And there was another pivotal moment in your friendship, one that you don’t typically share but I will: A number of few years later, after Ben Vereen had a serious illness and had been out of work, you helped bring him back to the work of performance by inviting him to be on “Star Trek: The Next Generation.”

I invited him to come and play my father on “Star Trek.” That was also a dream come true for me—to be of real value at a time in my hero’s life when he needed help. I will always be grateful that he gave me the opportunity to give back, as he had given me so much when I was growing up.

Through this conversation you’re going to hear the power of storytelling, the power of aspiration, the power of love. It’s not an accident that we’re having this conversation at an education conference. Because in a deep way, these are the building blocks of true personalized learning.

Now let’s talk about “Star Trek”! So I confess: I’ve been a Trekkie my whole life. But why did you decide to do that? And what was the meaning of that experience for you?

My whole family has been Star Trek fans going back to the original series. Gene Roddenberry’s vision of the future meant an enormous amount to me.

I’m a science fiction fan, that’s my body of literature. When I’m reading for pleasure, that’s my jam. But it was exciting and fairly uncommon for me to encounter heroes in the pages of the science fiction novels that I read that looked like me.

Gene Roddenberry’s version of the future was different. Seeing Nichelle Nichols [the African American actress who played Lt. Uhura] on the bridge of the original Enterprise meant the world to me. As a storyteller, Roddenberry was saying: ‘When the future comes, there’s a place for you.’ It was a representation of the future that I could project myself into.

I learned at a very early age how important it is for people to see themselves reflected in the popular culture. And I saw that when one does not see themselves represented in the popular culture, real damage—subtle but powerful damage—can be done especially to a developing identity. So “Star Trek” has always been a part of me.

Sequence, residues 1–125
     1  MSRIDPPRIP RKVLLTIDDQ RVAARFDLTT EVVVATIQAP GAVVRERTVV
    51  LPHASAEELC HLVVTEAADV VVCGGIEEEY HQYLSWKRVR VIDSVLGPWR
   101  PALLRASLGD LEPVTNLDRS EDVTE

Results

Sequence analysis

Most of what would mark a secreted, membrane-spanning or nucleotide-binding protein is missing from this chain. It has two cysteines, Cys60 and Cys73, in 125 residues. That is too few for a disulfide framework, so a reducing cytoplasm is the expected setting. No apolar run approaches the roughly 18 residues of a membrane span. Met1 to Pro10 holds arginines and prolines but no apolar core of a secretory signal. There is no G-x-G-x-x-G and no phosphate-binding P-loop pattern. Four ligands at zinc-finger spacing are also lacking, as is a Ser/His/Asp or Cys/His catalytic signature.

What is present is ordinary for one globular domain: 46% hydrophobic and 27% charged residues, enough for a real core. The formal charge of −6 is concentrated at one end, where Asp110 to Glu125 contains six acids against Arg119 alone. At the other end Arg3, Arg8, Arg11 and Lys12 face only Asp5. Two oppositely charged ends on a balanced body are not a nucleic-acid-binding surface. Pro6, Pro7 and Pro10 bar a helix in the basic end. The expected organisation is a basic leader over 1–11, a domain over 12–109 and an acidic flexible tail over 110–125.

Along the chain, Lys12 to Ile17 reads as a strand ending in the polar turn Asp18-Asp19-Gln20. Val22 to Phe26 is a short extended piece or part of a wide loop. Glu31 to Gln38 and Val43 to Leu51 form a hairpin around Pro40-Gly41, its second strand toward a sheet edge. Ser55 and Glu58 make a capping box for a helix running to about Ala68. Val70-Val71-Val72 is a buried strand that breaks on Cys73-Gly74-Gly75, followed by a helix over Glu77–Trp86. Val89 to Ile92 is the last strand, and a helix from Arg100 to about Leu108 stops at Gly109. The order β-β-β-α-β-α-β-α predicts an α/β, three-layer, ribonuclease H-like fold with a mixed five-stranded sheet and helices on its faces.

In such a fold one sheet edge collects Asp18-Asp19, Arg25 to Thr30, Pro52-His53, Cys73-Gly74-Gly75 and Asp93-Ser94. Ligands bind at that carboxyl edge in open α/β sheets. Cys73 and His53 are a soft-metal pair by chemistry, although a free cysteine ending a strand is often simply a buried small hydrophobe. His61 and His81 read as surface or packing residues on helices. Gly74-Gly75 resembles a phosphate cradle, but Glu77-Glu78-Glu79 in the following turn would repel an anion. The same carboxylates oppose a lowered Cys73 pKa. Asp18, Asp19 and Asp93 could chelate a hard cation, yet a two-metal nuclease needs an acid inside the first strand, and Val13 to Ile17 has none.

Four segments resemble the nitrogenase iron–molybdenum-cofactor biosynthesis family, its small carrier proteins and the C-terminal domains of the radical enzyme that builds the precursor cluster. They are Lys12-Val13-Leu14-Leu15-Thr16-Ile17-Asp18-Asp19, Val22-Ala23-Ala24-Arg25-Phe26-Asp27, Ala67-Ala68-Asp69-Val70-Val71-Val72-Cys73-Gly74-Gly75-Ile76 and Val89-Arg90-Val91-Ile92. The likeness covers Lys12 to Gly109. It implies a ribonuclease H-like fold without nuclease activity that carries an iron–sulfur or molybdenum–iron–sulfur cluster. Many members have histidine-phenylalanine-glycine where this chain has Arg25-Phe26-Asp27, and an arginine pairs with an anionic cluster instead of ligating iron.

And what Nichelle Nichols meant to you, as an African American—you then extended to people with disabilities, when you joined the crew of “Next Generation.”

Yes. Being able to represent for people who have physical challenges the way that Nichelle represented for people of color was again, was an opportunity, an act, that informed who I am.

And tell the truth: That visor. Did it hurt?

Yes. It didn’t hurt until I had it on for more than 45 minutes. Which is why when we started the movies I insisted on taking that technology and making it a smaller device.

It was an upgrade.

It was a great upgrade for me. And it was conditional: I wasn’t interested in wearing the visor any longer. After seven years, I had had enough.

Do you have a favorite “Star Trek” moment?

My favorite “Star Trek” moment didn’t happen on the set. When I got married in October 1992, my best man was Brent Spiner, who played Data, and my groomsmen were Michael Dorn (Worf), Jonathan Frakes…and Patrick Stewart. We are very much a family. So my wedding photo is pretty amazing.

You worked on 155 episodes of “Reading Rainbow.” What drew you to that project? There was a bit of controversy in the beginning, wasn’t there? To people who thought that television was just rotting kids’ brains, the idea of putting books on TV was a bit weird. So why do it?

“Roots.” “Roots” showed me the power of the medium. In eight nights of television, I experienced how we transformed how we talked about slavery in America. It was eight consecutive nights that changed this nation, and changed how we refer to our very conflicted feelings about our very controversial past. That was done through stories. Television had the power to not simply entertain but to deliver so much more: Consciousness. Community. When “Roots” aired, its audience grew almost exponentially every night. By that eight and final night of “Roots,” almost the entire country was tuned into a singular event. Simultaneously. That will never happen again because we consume our content in a much more fractured way. “Roots” brought this nation together, in front of that cold fire of television.

We watched together, as a nation, in our individual living rooms. It was a communal experience. And it had the power to change minds. The power to change and shape consciousness.

“Roots” had proven to me that there was enormous opportunity. So when the idea was presented to me to use this powerful media to create linkages between emerging readers and the written word to combat the summer loss phenomena, I was like, ‘Yeah! Let’s do that.’